How Naruto the Macaque and PETA may have saved comics from AI art invasion

David Slater for Wikipedia Commons

In a weird turn of events that not even Nostradamus could’ve predicted, a selfie-taking monkey may be responsible for AI art to lose its copyright protection.

Let’s start from the beginning. AI art, or artificial intelligence art, is art generated by a computer engine or program that simulates human learning and thinking. It’s been very popular lately.

The United States Copyright Office (USCO) recently announced that a comic book created with the computer generated art is not eligible for copyright protection, reversing an earlier decision on the matter.

The USCO ruled that for the guidelines for legal copyright to be met, the material in question needs to have been created by an actual human being. The comic book in question? Zarya of the Dawn, “created” by Kris Kashtanova.

The images were actually generated using Midjourney, an engine that turns words into pictures. Kashtanova’s argument was that she was a “prompt engineer,” and she applied for the copyright to “make a case that we do own copyright when we make something using AI.”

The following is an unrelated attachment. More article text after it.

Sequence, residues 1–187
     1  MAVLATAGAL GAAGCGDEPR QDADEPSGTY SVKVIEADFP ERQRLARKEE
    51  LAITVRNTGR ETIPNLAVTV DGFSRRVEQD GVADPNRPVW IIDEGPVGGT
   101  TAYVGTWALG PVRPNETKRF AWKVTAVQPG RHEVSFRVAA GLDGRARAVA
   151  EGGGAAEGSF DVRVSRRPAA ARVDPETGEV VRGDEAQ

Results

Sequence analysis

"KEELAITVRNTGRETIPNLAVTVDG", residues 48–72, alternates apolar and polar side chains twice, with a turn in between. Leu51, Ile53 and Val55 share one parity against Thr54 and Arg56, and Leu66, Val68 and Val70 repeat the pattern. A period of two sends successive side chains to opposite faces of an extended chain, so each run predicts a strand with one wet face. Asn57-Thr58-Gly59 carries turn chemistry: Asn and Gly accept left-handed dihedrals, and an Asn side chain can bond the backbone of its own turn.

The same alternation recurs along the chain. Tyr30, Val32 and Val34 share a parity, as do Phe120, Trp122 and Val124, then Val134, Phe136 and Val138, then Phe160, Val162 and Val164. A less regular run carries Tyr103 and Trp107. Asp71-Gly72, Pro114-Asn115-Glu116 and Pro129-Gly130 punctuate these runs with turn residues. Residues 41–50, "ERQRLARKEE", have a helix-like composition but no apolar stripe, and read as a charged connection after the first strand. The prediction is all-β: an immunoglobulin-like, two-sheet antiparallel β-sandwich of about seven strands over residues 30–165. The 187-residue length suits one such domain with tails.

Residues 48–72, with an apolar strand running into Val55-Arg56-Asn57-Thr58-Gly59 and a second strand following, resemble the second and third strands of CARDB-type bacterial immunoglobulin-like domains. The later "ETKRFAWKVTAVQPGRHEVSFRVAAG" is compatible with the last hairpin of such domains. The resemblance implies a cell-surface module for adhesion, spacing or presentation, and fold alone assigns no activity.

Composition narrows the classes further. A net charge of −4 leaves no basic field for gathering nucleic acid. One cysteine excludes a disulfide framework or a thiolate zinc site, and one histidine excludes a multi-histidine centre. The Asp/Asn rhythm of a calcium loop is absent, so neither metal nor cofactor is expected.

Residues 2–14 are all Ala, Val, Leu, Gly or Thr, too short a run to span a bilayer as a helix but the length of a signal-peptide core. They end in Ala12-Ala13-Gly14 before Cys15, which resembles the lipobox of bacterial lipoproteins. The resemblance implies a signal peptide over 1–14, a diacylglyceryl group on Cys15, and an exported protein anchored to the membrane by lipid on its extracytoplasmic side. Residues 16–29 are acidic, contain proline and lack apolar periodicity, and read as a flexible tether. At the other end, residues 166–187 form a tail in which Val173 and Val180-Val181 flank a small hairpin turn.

What was the most surprising was the fact that the USCO granted the copyright in the first place.

Here’s where it gets interesting. The legal precedent for the case actually involves a People for the Ethical Treatment of Animals (PETA) lawsuit and a macaque named Naruto.

Back in 2011, wildlife photographer David Slater was photographing wildlife in the jungles of Indonesia. The story goes that Naruto grabbed the camera and took a selfie.

PETA then sued on the grounds that Naruto should own the copyright to the image, and have a say in what happens to it. The courts disagreed, ruling that Naruto doesn’t have legal standing, because Naruto is not a person.

Instead of continuing an endless parade of appeals, the two sides eventually settled the case, with Slater agreeing to donate 25% of revenue from the photo to pro-macaque groups. A joint statement said as much.

“PETA and David Slater agree that this case raises important, cutting-edge issues about expanding legal rights for nonhuman animals, a goal that they both support, and they will continue their respective work to achieve this goal.”

So this brings us back to Kashtanova and her comic book. If Naruto had never taken that selfie, who knows? Maybe AI would be able to be copyrighted. Realistically, this is an issue that’s going to be tried again in court at some point.

But we’ll always have sweet Naruto. And enjoy the photo, which we can use, because it’s not copyrighted.